When Kyle Busch heads to work in his M&M’S Fudge Brownie Camry for Thursday night’s NASCAR Cup Series race at Kansas Speedway in Kansas City, he’ll take some inspiration from Mars Associates across the globe who have been hard at work during the COVID-19 pandemic. In particular, just 55 miles away in Topeka, Mars Associates make the same M&M’S Fudge Brownie product featured on Busch’s No. 18 Toyota this week, along with many of their other favorite colorful products.
So as Busch travels to the Midwest for the Cup Series Kansas 400, his Joe Gibbs Racing (JGR) M&M’S Fudge Brownie Toyota will feature signatures from 124 Mars associates who are based at the Mars Topeka plant in the backyard of Thursday night’s race. The latest M&M’S creation tastes like freshly baked brownies with its fudgy, chewy center – only there’s no baking necessary.
Busch will hope to record another strong finish at Kansas, a place where he struggled mightily during his first 14 visits. However, looking at his past 10 starts at the 1.5-mile oval, Busch has scored seven top-five finishes and nine top-10s, an astounding turnaround from his early years there.
The Kansas oval was built in 2001 and originally featured a constant 15 degrees of banking in the turns. But it underwent a massive renovation project leading into its October 2012 event. The changes included repaving of the existing track surface, reconfiguration of the oval, and the addition of a new infield road course. The oval’s geometric shape also was changed to feature variable banking of 17 to 20 degrees in the turns.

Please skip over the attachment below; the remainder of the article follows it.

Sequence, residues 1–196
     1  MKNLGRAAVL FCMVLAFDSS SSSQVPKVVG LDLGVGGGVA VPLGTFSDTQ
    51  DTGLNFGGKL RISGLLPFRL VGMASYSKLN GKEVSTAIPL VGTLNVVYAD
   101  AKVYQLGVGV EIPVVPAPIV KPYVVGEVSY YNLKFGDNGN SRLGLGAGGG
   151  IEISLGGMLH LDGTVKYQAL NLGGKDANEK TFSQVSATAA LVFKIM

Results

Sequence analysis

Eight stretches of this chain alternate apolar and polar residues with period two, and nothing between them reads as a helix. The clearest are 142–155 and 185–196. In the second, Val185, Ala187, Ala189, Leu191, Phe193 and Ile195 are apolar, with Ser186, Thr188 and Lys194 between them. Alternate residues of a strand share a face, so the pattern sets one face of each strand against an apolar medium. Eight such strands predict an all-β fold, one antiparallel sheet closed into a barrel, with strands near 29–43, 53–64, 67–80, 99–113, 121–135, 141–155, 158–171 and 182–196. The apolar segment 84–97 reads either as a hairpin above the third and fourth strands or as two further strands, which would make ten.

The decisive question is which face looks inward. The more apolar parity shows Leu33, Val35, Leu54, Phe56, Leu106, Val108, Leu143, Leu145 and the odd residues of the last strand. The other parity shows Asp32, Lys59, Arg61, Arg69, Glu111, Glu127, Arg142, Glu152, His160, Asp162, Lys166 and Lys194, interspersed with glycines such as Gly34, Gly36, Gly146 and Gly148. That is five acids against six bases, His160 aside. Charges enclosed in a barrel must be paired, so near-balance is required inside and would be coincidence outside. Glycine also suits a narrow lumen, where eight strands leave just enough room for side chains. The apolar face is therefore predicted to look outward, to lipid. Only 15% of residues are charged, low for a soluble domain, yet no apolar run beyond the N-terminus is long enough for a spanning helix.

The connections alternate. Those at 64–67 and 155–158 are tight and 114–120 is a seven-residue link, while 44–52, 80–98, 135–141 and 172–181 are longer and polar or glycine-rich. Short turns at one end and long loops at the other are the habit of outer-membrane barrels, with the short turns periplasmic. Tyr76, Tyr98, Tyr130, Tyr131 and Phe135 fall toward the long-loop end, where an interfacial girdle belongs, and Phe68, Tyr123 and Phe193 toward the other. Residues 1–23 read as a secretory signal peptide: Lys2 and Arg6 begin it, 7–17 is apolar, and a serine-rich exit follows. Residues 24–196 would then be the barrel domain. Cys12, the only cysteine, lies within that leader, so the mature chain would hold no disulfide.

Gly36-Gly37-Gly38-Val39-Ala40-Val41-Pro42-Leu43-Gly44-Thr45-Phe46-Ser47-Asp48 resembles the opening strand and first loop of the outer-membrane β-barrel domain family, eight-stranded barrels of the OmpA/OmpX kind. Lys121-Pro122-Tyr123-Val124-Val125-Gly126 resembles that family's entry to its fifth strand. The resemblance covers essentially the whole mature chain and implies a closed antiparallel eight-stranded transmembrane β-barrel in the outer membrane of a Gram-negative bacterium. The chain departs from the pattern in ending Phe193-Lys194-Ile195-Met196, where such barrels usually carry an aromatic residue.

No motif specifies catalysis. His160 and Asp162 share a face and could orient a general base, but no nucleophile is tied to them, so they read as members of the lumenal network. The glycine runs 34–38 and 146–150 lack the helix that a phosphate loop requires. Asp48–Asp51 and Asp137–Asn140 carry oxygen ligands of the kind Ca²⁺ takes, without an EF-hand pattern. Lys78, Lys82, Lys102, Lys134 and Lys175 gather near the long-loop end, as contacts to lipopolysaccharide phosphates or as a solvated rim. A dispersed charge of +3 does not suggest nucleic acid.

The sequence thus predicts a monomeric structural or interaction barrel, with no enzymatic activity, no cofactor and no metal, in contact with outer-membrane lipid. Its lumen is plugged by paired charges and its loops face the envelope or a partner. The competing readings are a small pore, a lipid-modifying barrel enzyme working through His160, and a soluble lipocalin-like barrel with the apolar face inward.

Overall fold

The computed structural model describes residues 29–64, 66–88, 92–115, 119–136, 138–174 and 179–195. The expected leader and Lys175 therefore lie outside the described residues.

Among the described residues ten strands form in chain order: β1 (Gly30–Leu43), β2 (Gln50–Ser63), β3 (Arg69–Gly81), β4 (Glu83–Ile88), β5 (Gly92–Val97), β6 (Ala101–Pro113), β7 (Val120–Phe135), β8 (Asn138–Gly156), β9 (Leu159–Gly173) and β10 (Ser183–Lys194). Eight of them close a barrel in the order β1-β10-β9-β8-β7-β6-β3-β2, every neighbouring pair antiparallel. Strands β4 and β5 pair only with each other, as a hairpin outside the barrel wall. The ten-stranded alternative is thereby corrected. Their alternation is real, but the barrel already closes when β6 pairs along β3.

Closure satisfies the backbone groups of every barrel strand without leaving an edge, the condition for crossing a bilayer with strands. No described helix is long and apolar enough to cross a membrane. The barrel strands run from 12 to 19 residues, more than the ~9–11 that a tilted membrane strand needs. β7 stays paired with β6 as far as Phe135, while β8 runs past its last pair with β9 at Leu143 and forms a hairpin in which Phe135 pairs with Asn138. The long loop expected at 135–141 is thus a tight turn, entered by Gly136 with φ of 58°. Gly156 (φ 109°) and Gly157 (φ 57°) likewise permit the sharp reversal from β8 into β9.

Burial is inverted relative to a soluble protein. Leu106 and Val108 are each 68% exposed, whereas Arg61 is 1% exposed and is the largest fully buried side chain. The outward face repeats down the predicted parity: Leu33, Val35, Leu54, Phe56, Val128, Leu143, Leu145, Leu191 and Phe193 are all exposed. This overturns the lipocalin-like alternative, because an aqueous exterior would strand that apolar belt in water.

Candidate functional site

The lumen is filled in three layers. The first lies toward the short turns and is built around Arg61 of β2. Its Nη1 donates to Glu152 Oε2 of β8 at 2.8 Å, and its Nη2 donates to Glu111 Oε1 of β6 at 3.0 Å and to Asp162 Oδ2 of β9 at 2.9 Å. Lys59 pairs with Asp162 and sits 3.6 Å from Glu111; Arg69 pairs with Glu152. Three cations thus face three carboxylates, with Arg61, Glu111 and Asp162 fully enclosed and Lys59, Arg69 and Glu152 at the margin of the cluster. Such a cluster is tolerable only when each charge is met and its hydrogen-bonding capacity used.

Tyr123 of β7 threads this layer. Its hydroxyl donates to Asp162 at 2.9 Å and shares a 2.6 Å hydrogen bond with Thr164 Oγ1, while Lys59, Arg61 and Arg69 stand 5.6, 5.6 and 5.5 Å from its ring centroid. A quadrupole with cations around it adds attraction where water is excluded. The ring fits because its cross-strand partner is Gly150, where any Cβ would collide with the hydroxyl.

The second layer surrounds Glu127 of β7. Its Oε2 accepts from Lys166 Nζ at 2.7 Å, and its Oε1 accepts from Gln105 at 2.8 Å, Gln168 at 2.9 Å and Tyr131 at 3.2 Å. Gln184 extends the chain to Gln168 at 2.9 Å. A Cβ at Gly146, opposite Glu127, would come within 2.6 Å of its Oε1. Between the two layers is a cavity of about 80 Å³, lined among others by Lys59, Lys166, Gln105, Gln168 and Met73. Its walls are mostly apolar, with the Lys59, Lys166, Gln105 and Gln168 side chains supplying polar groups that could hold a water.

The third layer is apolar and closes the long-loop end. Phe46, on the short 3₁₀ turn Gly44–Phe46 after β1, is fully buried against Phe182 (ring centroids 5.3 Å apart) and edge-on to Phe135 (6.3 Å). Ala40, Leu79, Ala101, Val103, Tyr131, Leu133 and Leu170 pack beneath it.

To say that Busch didn’t take well to the new surface would be quite the understatement. From October 2012 to 2013, he had three consecutive DNFs (Did Not Finish) there, with accidents ending his day each time, for final results of 31st, 38th and 34th.
Feeling snakebit on the new Kansas surface, Busch and his M&M’S team took a different approach starting with the April 2014 race by starting from scratch with a brand new car. They attacked Kansas with the hopes that a fresh outlook would produce vastly different results. While a pit-road speeding penalty cost them precious track position and an even better finish in the race, the result and effort was much different than the three previous trips. Instead, they were competitive enough to turn the corner in terms of results.
In the October 2014 Cup Series race, Busch brought home his first-ever top-five finish at Kansas. Again, the 2015 Cup Series champion has never cared much for moral victories. However, the momentum kickstarted by his first Kansas top-five has remained to this day. Finally, with the surface starting to wear, Kansas has become a place much more agreeable to Busch’s driving style as he brought home his first victory there in NASCAR’s top series in May 2016, putting an exclamation point on the aforementioned strong runs there.
As he and the Cup Series head to Kansas for Thursday’s race under the lights, Busch will no doubt roll up his sleeves and get to work, just like the many Mars Topeka associates riding along with him for the 400-mile race in hopes of leaving the Heartland of America with his second career Cup Series win there.